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Opinion: Some men (and women) still don't believe that rape exists

Rapes by ‘monsters’ are actually a much rarer disease on the world. The greater epidemic is the violent men that can be found in kitchens, sports grounds and hotel rooms around the world.

Sinead O'Carroll

REMEMBER WHEN SHORT skirts were the cause of rapes? And women were shunted from the community for speaking out. Or when we lined up in the courts to shake hands with a convicted rapist.

These are incidents in our not-too-distant past that most of us are ashamed to remember. We’ve moved on from that 2002 survey which showed four in 10 people across this island believed that if a victim had consumed alcohol, then she was partially responsible for her rape. Right?

We don’t think like that anymore. We’ve started to listen to support groups and advocacy campaigns. We’ve taken heed of the message that drinking isn’t a crime and that no means no.

That questionnaire was answered by people over a decade ago. But, this week’s coverage of the Ched Evans issue has revealed that attitudes might not have shifted as much as we imagined in the intervening years.

Yes, there was the justified outrage about Stuart Gilhooly’s blog post, which the PFAI saw fit to publish on its website last night. But, more noteworthy, was the support the solicitor received from various quarters. No, they weren’t loud media voices but they were there in the background, egging him on as he compared Evans to the Guildford Four and argued that the Welshman “deserves a chance at redemption”.

It wasn’t just on social media. The comments section on this website mirrored this argument. There were questions about his guilt, protestations that he has been wronged by a woman out for a ‘kiss and tell’ and a whole heap more victim blaming.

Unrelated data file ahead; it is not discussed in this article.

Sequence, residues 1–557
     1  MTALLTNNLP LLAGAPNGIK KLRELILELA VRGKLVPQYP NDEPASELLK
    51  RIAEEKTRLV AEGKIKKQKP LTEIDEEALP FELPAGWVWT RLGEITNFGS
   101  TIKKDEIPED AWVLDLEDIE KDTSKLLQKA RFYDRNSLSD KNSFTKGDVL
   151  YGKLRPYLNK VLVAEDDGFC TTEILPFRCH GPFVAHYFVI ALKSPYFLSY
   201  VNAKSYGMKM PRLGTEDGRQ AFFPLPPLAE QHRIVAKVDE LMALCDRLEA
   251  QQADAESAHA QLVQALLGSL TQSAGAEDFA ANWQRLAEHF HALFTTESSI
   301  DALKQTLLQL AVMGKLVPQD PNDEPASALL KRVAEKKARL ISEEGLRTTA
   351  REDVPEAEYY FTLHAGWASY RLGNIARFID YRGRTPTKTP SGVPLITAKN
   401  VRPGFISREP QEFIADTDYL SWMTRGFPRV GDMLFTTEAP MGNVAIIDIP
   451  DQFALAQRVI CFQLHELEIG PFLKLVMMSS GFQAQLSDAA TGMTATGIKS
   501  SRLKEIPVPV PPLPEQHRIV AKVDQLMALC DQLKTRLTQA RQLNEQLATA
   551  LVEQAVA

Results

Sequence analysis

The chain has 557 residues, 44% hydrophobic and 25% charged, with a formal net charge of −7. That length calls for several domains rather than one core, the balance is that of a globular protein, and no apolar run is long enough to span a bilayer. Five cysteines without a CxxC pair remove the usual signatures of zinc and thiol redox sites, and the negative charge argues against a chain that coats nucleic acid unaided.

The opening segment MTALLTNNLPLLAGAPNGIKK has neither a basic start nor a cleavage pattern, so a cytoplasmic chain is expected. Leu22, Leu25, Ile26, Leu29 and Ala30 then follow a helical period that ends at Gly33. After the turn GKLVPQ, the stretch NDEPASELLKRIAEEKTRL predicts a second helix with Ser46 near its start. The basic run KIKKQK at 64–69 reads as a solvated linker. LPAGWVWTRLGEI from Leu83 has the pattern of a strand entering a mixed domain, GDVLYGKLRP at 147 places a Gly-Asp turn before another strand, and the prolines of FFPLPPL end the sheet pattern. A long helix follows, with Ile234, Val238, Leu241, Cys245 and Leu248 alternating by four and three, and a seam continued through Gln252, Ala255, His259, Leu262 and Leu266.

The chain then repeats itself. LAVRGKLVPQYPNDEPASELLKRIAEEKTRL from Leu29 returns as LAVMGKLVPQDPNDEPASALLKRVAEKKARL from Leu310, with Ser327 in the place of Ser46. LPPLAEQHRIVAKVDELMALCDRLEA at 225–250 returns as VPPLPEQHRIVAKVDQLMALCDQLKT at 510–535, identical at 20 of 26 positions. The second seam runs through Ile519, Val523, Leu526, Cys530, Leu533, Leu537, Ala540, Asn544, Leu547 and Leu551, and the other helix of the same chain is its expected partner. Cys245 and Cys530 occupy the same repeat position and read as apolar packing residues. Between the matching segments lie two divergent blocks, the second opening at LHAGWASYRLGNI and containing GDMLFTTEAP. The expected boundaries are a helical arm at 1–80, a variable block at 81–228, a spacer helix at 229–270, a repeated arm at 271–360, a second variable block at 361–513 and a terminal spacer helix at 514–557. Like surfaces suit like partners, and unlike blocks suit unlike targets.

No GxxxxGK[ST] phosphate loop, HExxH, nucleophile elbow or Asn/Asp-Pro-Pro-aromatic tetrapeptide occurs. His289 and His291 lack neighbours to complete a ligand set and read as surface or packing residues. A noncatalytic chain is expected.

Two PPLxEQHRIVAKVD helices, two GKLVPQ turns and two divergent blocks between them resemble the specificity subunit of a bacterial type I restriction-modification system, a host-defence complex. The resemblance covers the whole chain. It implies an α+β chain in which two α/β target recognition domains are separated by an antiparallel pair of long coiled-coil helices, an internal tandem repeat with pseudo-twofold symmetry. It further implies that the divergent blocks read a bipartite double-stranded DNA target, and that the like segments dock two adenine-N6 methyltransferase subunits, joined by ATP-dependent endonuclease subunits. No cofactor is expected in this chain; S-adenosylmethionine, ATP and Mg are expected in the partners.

Gilhooly seems to think that Evan’s biggest crime is being “hard to like” because “he cheats on his girlfriend… By having sex with a young girl”.

What wasn’t there was the word rape. In fact, rape has been almost entirely removed from the narrative by the people who are bent on debating his guilt or innocence.

It is a matter of consent, they keep saying.

No.

It WAS rape.

The idea of consent was debated during the trial, played out in front of a jury who went on to find the 25-year-old guilty of rape. It was not described as non-consensual sex, or any other term that such people find more appropriate to place on a man they don’t see as a ‘rapist’.

According to his justice system, he was found guilty of rape. The jury concluded that he raped a young girl in a hotel room in April 2012. There aren’t any other ways to say it.

Despite what Gilhooly or Judy Finnegan say, there isn’t a different word for the ‘type’ of rape that Evans’s victim suffered.

The monster stereotype

As Ireland take the field tonight to take on the US in an international friendly, the players will be sporting white ribbons on their uniform.

It is a symbol of the team’s support for a male-led campaign – the White Ribbon Campaign – to end men’s violence against women.

It is a cause that Tom Meagher, husband of the late Jill Meagher, has championed. Following the conviction of his wife’s rapist and killer, Adrian Bayley, the Dublin man became involved with the movement.

After months of ‘a damaging obsession’ with Bayley, he said the most disturbing moment was when he heard him utter a coherent sentence in court.